Faster Than Light
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We believe that we know what that phrase means, but we only have a Newtonian understanding of it. We really need a relativistic understanding of it if we want to consider claims of things that actually move faster than light. As usual, we will use imaginary experiments to guide our reasoning.
In terms of four-dimensional geometry, we want to consider events separated from each other by a spacelike interval rather than events separated from each other by a timelike interval. More specifically, we want to consider events that are attended by the same object and separate them in a way that obliges that object to move faster than light. To start we look at Hermann Minkowski’s metric equation for flat spacetime, the four-dimensional analogue of the Pythagorean theorem;
For simplifying convenience, as usual, we assume that all relevant motions occur only in the x-direction, so the y- and z-components zero out of that equation.
Consider two events that occur a distance x and an interval t apart. To calculate the four-distance between those events we have
If the temporal interval multiplied by the speed of light is greater than the spatial interval, then s is an imaginary number and we say that it represents a timelike interval. An object attending both events would move at a speed less than the speed of light (x/t<c). If the temporal interval multiplied by the speed of light is smaller than the spatial interval, then s is a real number and we say that it represents a spacelike interval. An object attending both events would move at a speed greater than the speed of light (x/t>c).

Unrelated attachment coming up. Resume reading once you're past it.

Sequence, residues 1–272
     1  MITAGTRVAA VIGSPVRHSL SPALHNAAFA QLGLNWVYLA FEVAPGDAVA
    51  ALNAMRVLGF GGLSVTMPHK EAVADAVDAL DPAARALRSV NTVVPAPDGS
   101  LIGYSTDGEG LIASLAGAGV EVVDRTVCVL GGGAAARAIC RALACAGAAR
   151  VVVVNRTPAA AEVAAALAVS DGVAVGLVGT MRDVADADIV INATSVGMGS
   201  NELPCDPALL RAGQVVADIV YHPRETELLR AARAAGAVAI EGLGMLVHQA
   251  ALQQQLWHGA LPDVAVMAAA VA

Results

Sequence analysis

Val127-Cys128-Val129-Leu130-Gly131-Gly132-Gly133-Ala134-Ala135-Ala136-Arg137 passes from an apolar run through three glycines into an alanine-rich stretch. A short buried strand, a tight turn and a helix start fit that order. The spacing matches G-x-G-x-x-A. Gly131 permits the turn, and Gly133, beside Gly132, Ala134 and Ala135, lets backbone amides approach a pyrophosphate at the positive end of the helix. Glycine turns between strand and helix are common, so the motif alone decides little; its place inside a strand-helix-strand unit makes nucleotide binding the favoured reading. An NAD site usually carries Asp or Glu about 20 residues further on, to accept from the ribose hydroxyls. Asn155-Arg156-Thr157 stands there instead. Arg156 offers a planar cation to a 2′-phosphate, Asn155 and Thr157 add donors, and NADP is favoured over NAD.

In the lore of Relativity we see a statement to the effect that nothing can fly faster than light, that nothing can attend two events separated by a spacelike interval. The dynamic reason behind that statement, physicists tell us, lies in the statement that an object becomes more massive as it gains velocity and that the object’s mass tends to infinity as the object’s speed approaches the speed of light. Experiments performed with cyclotrons and synchrotrons have proven and verified the existence of that mass-increase effect. But there are also more purely geometric reasons why nothing can move faster than light.
We know that, because time does not elapse on the boundary of the Universe, nothing can have the possibility of reaching that boundary. That statement necessitates that nothing can move faster than the speed, the speed of light, at which the boundary recedes from all objects. That fact necessitates in turn that spacetime consist of an infinite set of inertial frames of reference, all related to each other through the Lorentz Transformation, which comes from the four-dimensional analogue of the Pythagorean theorem. Objects don’t move through space; they occupy and mark inertial frames. Thus, trying to make an object move faster than light through direct acceleration in normal space has somewhat the character of trying to get a point off a circle by rotating the circle.
When those facts became clear, science-fiction writers conceived the idea of hyperspace, a realm that somehow stands outside of normal space and allows starships to move in a way that corresponds to flying faster than light in normal space. Of course, the fact that we can conceive the idea of something does not necessitate that the something actually exist. Nonetheless, a little fantasy can help us clarify our understanding of real things. We don’t need to concern ourselves with how ships get into and out of hyperspace; we need only assume that they can do so.